I half-expected paparazzi to leap out from behind bushes such was the anachronistic tone of this tale of royal entitlement and female repression. But I’m glad the plagiarism issues surrounding Kris Kristofferson and The Rolling Stones have been cleared up now that it’s been revealed that “Help Me Make It Through The Night” and “As Tears Go By” were originally composed in 1878 for mandolin and harp, respectively.
Empress Elisabeth of Austria lived such a hellish life it’s small wonder she committed suicide 20 years earlier than the history books dictated. Even the invention of the motion picture by an obscure photographer in 1878 – a decade before others made probably spurious claims to have come up with the idea – wasn’t enough to keep her going.
The real Empress Elisabeth, now that I’ve had to go and look her up, actually did correspond somewhat to the character represented her. She was obsessed with beauty and diet, the exceptionally tight corsets of the title self-inflicted as she strove to keep a 16-19-inch waist. Quite where this kind of mania came from is never explained. Her general depression could have been traced to the death of a daughter but that doesn’t figure in this bold reimagining. I’ve got nothing against movie makers twisting facts for their own convenience, Hollywood did it all the time so why should arthouses audiences escape. But I spent half the time watching this wondering whether anything was real, which would make the whole enterprise some kind of dreamlike experience and would mean she didn’t risk a daughter’s life by exposing her to the freezing cold in the middle of the night because she, the Empress, had a penchant for darkness she wanted the child to learn to embrace.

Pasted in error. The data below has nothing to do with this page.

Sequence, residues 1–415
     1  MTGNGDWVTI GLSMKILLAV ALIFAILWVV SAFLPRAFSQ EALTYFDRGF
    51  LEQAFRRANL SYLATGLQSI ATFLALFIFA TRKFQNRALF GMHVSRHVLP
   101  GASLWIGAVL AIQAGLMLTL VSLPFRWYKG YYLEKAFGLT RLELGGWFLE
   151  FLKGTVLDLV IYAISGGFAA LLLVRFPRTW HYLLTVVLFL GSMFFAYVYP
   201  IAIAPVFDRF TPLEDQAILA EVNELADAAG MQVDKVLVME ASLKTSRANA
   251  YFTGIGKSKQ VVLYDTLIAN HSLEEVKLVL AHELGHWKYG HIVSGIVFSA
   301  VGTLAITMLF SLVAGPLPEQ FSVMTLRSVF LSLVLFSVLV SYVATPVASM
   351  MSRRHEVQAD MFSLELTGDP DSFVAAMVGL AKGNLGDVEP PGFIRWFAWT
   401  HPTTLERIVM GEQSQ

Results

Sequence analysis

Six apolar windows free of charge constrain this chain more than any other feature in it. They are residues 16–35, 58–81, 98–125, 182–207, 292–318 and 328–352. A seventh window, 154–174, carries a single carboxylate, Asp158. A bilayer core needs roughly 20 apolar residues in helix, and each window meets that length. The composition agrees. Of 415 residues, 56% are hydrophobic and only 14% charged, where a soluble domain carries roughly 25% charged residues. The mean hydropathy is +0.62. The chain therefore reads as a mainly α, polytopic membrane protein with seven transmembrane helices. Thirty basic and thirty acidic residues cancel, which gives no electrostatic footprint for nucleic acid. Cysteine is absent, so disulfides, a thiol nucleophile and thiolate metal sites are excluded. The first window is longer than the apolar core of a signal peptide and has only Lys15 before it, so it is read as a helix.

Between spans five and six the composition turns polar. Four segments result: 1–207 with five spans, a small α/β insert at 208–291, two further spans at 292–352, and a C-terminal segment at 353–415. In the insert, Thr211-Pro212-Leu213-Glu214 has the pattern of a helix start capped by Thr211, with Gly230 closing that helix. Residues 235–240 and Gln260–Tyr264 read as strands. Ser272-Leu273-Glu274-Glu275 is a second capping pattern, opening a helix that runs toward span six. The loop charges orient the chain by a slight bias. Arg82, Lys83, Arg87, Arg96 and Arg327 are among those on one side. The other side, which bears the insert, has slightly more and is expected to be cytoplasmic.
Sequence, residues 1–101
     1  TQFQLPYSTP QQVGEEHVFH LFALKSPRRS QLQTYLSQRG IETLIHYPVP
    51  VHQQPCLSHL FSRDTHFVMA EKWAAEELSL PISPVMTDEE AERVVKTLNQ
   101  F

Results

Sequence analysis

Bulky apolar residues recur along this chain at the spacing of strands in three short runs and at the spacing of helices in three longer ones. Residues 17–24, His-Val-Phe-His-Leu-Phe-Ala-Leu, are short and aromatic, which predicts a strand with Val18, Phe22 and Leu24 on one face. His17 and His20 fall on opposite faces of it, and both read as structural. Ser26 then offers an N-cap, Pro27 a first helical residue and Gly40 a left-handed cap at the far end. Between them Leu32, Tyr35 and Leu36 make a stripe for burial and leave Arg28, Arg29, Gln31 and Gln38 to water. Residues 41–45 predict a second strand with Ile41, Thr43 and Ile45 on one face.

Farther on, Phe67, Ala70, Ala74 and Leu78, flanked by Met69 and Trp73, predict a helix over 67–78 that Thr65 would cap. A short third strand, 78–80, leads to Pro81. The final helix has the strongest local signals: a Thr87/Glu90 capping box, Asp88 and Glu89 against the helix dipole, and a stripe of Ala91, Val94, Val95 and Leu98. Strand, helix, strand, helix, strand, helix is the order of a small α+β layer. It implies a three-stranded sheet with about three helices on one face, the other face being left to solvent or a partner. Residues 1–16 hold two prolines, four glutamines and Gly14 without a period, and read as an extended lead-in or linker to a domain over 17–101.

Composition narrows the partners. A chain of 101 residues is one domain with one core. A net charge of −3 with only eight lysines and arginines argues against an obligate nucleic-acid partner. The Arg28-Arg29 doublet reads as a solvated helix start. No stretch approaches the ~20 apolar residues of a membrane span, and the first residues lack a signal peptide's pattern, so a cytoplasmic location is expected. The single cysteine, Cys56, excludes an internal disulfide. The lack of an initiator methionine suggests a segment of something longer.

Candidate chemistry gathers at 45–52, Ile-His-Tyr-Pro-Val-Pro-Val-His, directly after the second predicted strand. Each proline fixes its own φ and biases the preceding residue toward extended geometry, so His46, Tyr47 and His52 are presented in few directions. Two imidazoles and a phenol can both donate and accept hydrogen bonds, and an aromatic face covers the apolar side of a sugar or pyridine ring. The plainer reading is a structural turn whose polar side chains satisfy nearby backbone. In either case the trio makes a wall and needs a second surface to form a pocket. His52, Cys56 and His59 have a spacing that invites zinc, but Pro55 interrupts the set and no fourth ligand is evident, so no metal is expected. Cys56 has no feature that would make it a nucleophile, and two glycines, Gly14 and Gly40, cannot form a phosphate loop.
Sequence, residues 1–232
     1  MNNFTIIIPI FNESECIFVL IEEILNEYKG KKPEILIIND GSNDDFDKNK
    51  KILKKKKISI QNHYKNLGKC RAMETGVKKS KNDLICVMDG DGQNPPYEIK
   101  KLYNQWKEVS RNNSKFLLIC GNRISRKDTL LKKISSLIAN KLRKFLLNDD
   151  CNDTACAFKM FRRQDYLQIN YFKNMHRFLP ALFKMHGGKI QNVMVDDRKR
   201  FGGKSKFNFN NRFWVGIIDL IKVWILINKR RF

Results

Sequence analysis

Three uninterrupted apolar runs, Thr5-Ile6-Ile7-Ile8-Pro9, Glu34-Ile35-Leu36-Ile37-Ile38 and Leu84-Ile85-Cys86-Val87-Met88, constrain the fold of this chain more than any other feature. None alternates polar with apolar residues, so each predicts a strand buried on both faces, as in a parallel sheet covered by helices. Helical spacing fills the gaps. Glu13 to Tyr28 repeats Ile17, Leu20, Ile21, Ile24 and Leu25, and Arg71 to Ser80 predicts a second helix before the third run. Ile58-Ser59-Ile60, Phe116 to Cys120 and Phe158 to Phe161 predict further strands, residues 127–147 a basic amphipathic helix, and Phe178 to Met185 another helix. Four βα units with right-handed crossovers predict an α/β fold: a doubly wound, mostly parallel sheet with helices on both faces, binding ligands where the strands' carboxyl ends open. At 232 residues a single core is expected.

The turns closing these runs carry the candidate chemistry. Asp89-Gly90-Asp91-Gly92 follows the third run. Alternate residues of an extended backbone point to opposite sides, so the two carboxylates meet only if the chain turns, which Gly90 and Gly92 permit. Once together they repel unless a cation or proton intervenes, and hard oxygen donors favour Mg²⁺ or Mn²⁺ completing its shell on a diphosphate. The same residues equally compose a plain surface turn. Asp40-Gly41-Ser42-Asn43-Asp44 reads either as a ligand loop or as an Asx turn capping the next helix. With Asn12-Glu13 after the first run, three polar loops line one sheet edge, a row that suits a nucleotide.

In some kind of nod to Absolutely Fabulous, it is the child who appears the more grown-up, admonishing her mother for embarrassing her. And in a nod to whatever the Empress gives the middle finger. And naturally she gets hooked on heroin (don’t ask).
Anyway, enough of my moaning, let’s go back to the movie and assume it’s all got a point. Hating her empty life, the Empress exerts authority by feigning a fainting fit to avoid royal duties, keeps her devoted husband waiting, fancies like mad a cousin she doesn’t know is gay, is considered such a suicide risk by the prospective lover that he prohibits her from drowning in his lake.
She is indulged as much as is humanly possible, permitted to take off on her travels at a whim, but attempts to improve the welfare of institutionalised women – some committed for adultery – and visits wounded soldiers (all true, as it happens). While her husband is devoted to her (true), that is not reciprocated (true) and out of kindness she arranges for him to take a young lover (fiction).
This is a movie devoid of drama, determined, as if below the dignity of an arthouse filmmaker, to ignore some of the real facts of her life, namely the complicated politics of the era, clashes with her domineering mother-in-law, that her son Rudolf was the subject of the Mayerling tragedy and that she was assassinated by an anarchist in Italy.
If the point is to show she was an accomplished woman in an era when queens were doormats and submissive wives, that aim is certainly achieved. Elisabeth, beyond keeping her husband waiting at every opportunity, openly argues with him, is a very competent fencer, could have written a book on eating (a Dieting DVD introduced into the proceedings would have been an anachronistic tour de force) as little as possible and the benefits of a healthy regimen.
As a portrait of a complex character it is certainly compelling and as the enigmatic is a tool of the artist, then little in the way of explanation is deemed necessary. But the problem, setting aside the anachronisms, is what we are presented with is a cross between Princess Di and Meghan.
Vicky Krieps (Old, 2021) plays the Empress. Marie Kreutzer (The Ground Beneath My Feet, 2019) wrote the screenplay and directed.
But you should be aware my views are very much in the minority and this has largely been acclaimed.